Funeral Instead Of Celebration

Funeral Instead Of Celebration

Soon after I got off the plane in Germany I got the bad news. The baby was gone.  Doctors visit day before was fine, next day disaster struck.  Six months into the pregnancy when things normally are stable. A parent should never have to bury their own child.  Still, that's what's coming up for my friends Olaf and Saskia.  Funeral and mourning instead of celebration and deciding on a name for the baby.

I lost a child once. Or actually two.  It was twins and we lost them after 10 weeks.  This will sound terrible but we took it well.  We knew about the pregnancy and were a little excited but it was still so early we hadn't quite grasped parenthood was just around the corner.  Maybe we weren't ready or perhaps it was our way or dealing with the miscarriage, saying it was no big deal.

What do you say to dear friends who just lost  their baby six months into the pregnancy? What do you say to the nicest friends in the world who have been trying for years and finally got pregnant?  What do you say to someone who is almost a parent and then everything is gone?

Miscarriage is common, but mostly during the first three months.  Around 25% have a miscarriage a some point.  But there is a world of difference between three and six months.  At the latter stage the baby is real, it moves around a lot and one can see a real human on the ultrasound.

I'm down here for the fifth long weekend in a row playimg professional tennis for my German team.  Everyone is heartbroken and a bit in shock.  This tragedy is of course unimaginable for Olaf and Saskia but it also poses a tough challenge for the team.  There is a match coming up tomorrow which can not be cancelled or moved.  We must all be there, fit, focused, and ready.  One can not play tennis against great opponents for hours in hot weather without being fired up and mentally ready.  This is the last thing we want to do but we still somehow have to do it.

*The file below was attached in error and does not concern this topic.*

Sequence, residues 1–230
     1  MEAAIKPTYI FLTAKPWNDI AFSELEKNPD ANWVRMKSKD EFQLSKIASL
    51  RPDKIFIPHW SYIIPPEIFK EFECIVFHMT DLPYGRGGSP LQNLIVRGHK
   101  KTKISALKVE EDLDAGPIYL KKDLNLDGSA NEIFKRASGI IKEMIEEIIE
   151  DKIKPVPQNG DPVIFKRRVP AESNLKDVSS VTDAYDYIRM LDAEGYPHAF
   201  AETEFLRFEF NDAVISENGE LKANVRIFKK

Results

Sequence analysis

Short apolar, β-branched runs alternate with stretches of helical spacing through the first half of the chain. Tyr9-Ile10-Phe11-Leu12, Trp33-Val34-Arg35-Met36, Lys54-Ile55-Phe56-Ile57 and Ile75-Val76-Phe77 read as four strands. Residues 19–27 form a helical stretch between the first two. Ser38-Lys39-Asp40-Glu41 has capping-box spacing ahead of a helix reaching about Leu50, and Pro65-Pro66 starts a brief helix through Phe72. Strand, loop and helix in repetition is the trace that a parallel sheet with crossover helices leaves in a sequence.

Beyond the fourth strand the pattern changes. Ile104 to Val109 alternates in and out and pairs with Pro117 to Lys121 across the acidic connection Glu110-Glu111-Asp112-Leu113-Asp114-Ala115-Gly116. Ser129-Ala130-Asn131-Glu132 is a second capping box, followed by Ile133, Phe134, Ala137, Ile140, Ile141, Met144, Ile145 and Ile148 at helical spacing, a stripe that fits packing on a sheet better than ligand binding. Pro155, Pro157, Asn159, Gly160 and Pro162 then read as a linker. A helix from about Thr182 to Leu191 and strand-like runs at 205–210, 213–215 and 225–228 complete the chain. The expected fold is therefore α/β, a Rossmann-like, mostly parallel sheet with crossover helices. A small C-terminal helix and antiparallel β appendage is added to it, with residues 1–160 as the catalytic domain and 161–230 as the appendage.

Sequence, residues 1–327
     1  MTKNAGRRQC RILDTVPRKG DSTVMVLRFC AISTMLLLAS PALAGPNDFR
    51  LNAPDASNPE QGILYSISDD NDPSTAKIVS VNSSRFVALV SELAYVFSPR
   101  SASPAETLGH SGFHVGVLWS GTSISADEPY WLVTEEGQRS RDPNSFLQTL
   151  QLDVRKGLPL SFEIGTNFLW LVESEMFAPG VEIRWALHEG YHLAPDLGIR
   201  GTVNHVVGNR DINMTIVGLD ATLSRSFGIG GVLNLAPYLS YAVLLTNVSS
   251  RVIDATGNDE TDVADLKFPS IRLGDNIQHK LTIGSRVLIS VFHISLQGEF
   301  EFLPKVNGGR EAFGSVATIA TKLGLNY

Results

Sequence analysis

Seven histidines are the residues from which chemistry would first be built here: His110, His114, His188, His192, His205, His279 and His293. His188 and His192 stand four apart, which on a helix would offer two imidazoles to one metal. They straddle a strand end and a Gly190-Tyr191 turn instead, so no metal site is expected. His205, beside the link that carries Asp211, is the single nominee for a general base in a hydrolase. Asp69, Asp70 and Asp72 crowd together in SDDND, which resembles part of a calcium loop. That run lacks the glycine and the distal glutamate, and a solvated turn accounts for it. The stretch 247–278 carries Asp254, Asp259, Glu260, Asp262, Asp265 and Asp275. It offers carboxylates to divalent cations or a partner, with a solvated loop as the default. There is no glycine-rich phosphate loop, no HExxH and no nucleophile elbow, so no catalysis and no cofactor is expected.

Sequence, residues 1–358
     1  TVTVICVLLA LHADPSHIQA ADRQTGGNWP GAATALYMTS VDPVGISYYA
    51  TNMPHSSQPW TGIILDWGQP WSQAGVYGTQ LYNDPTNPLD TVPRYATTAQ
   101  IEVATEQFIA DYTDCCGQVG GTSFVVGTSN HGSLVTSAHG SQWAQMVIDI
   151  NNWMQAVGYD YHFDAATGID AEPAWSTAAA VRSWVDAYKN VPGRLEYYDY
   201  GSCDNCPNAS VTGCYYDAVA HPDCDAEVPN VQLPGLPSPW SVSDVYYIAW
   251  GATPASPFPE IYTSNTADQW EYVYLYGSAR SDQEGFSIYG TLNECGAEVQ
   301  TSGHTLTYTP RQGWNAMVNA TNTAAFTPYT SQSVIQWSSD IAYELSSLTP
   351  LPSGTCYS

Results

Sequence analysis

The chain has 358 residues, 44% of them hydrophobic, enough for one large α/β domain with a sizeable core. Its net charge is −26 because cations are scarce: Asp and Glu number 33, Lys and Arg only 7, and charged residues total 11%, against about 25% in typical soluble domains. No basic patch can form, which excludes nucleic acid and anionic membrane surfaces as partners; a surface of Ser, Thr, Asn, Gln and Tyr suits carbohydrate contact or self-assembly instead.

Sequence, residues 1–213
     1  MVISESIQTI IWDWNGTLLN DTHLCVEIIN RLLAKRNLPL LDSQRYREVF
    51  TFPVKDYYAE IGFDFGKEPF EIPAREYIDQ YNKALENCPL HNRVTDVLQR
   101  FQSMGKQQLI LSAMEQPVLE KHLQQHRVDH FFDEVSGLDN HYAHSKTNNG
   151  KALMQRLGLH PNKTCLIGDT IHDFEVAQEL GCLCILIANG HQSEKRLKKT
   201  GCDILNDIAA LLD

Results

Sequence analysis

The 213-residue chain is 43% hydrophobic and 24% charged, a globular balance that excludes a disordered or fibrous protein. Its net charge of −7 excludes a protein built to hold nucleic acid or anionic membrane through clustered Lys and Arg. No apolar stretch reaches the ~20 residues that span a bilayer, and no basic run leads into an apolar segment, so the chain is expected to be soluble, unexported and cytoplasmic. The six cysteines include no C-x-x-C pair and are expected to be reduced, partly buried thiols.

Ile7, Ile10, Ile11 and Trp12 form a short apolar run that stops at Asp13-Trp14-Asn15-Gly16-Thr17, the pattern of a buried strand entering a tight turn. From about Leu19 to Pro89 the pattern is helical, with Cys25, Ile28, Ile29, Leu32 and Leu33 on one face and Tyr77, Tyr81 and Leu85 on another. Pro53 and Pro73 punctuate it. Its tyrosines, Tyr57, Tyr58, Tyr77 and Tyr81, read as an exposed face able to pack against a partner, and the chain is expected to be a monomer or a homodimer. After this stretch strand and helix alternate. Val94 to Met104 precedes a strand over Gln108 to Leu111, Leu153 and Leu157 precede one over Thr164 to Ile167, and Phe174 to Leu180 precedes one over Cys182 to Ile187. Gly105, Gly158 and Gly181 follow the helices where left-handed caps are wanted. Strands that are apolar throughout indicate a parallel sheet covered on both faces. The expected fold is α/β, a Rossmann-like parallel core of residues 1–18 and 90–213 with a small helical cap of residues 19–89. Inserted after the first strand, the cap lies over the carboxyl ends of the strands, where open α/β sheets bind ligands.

Send some happy thoughts to my friends Saskia and Olaf in Germany.  

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6 Responses to “Funeral Instead Of Celebration”

  1. My heart goes to your friends. Such tragedy! But time heals.

    All the best for the match.

  2. That is heartbreaking. I have never been through a miscarriage and can only imagine how painful it would be, especially after six months.

    I don’t think there’s much to say to make it better, but to me it seems important to realize the parents have lost a child they never had the chance to meet and respect what a serious and unique tragedy that is.

  3. Oooh, I’m so sorry to hear that news. It’s so absolutely unfair. I had a miscarriage in November, and I bawled my eyes out for weeks. I was only at 7 weeks when it happened, so it was early, but it was still painful. However, I agree that the further on in a pregnancy one goes, the more attached one is to that baby, and the dreams and ideas that go with it.

    My way of dealing with my miscarriage was through music. I posted the song I wrote to my blog a few months later when a friend of mine had a late miscarriage. Perhaps your friends might find some comfort in it. Here’s the link: She Soars. Good luck with the match, and “alles gute an Olaf und Saskia”.

  4. I am so sorry to hear the sad news. My heart goes to your friends.

  5. I’m so sorry to hear about their loss. I, too, lost my first baby at about 4 months.

    I just recently read an article in Parents Magazine about this so here are a few things that I read from it:
    Don’t say:
    -it wasn’t meant to be (it’s easy to be philosophical when it’s not you)
    -are you going to try again? (it’s hard to think about another child when grieving.
    Try:
    -I’m sorry to hear what happened
    -I’m here if you feel like talking about it
    -Can I help you run errands (or help with kids if they have others)

    it doesn’t seem like much, but I know if these things had been offered instead of well-intentioned harsh words, It would have done a world of difference. My heart goes out to them.

  6. I can’t imagine losing a baby that far along. That is so terrible. Like you, I lost a baby in the first trimester, but since I knew the rate of miscarriage was high I wasn’t *that* upset when it happened. It’s almost like I was expecting it to happen, sadly. At six months though, I would have been positively devastated. Even though I get pregnant easily, that’s not the point, you can feel that baby kicking and it’s so real. So horribly sad.

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